Stability and migration of slab-derived carbonate-rich melts above the transition zone. / Sun, Yizhuo; Hier-Majumder, Saswata; Xu, Yiagng; Walter, Michael.

In: Earth and Planetary Science Letters, Vol. 531, 116000, 01.02.2020, p. 1-11.

Research output: Contribution to journalArticlepeer-review




We present a theoretical model of the stability and migration of carbonate-rich melts to test whether they can explain seismic low-velocity layers (LVLs) observed above stalled slabs in several convergent tectonic settings. The
LVLs, located atop the mantle transition zone, contain small (∼1vol%)
amounts of partial melt, possibly derived from melting of subducted carbonate-
bearing oceanic crust. Petrological and geochemical evidence from inclusions
in superdeep diamonds supports the existence of slab-derived carbonate melt,
which may potentially explain the origin of the observed melt in the LVL.
However, the presumptive reducing nature of the ambient mantle can be an
impediment to the stability of carbonated melt. To reconcile this appar-
ent contradiction, we test the stability and migration rates of carbonate-rich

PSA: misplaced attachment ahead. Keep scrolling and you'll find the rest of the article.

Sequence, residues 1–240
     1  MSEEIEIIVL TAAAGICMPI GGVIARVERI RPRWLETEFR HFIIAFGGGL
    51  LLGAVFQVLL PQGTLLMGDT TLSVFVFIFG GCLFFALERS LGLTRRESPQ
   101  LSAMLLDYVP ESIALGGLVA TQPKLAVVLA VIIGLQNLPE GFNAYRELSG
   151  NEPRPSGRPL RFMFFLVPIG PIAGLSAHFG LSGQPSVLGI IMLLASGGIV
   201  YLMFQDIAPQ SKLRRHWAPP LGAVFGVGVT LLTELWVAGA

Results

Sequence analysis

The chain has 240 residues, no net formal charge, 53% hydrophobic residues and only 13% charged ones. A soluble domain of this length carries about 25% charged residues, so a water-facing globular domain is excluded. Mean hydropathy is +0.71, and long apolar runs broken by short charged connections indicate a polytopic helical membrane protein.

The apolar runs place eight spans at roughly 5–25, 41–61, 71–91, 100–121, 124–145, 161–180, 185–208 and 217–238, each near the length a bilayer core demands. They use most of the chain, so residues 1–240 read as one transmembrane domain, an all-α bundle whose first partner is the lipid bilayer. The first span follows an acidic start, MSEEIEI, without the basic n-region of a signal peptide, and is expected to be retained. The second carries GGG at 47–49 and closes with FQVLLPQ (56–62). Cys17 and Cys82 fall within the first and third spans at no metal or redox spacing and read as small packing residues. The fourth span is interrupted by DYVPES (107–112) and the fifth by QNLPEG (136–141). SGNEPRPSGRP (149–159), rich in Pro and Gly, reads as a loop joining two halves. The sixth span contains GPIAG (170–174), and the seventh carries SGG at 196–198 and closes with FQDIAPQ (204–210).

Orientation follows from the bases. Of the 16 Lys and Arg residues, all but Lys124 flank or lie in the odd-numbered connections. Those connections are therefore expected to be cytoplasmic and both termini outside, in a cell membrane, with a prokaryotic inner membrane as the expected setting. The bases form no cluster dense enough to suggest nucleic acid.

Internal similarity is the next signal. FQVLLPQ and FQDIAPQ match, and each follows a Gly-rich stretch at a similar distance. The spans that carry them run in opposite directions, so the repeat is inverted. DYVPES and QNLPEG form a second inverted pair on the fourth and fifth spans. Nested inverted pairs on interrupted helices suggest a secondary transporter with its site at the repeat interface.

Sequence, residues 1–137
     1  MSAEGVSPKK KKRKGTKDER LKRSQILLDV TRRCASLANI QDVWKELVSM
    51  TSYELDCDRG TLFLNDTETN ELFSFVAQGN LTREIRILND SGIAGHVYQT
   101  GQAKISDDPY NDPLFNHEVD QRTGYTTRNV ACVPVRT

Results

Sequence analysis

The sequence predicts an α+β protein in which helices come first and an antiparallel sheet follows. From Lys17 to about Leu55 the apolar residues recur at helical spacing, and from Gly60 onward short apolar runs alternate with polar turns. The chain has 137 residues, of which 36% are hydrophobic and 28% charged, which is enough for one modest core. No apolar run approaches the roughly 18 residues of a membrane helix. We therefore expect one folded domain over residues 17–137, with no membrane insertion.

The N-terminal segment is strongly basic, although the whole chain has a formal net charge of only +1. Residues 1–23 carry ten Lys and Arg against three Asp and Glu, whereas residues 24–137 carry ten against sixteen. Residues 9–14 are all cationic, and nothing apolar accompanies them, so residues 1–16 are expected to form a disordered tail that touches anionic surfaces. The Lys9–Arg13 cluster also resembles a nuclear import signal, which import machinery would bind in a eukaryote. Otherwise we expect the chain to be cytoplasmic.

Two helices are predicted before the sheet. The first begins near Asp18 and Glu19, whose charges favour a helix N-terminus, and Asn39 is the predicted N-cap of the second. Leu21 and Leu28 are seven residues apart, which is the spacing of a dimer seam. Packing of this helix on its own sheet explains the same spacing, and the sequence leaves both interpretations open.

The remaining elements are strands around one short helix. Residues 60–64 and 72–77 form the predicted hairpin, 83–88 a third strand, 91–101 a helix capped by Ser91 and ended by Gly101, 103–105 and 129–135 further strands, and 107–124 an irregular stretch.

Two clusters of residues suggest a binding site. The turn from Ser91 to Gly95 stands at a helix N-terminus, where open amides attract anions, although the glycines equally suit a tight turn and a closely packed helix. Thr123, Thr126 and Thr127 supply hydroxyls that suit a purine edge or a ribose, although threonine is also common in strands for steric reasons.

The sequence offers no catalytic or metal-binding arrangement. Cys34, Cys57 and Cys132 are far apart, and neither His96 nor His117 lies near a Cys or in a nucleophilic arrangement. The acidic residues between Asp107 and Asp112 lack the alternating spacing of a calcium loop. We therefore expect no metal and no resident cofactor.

melts atop a stalled slab as a function of melt percolation, redox freezing,
amount of carbon supplied by subduction, and the metallic Fe concentration in the mantle. Our results demonstrate that carbonate-rich melts in the LVL
can potentially survive redox freezing over long geological time scales. We
also show that the amount of subducted carbon exerts a stronger influence on
the stability of carbonate melt than does the mantle redox condition. Con-
centration dependent melt density leads to rapid melt propagation through
channels while a constant melt density causes melt to migrate as a planar
front. Our calculations suggest that the LVLs can sequester significant frac-
tions of carbon transported to the mantle by subduction.
Original languageEnglish
Article number116000
Pages (from-to)1-11
Number of pages11
JournalEarth and Planetary Science Letters
Early online date9 Dec 2019
Publication statusPublished - 1 Feb 2020
This open access research output is licenced under a Creative Commons Attribution-NonCommercial-NoDerivs 3.0 Unported License.

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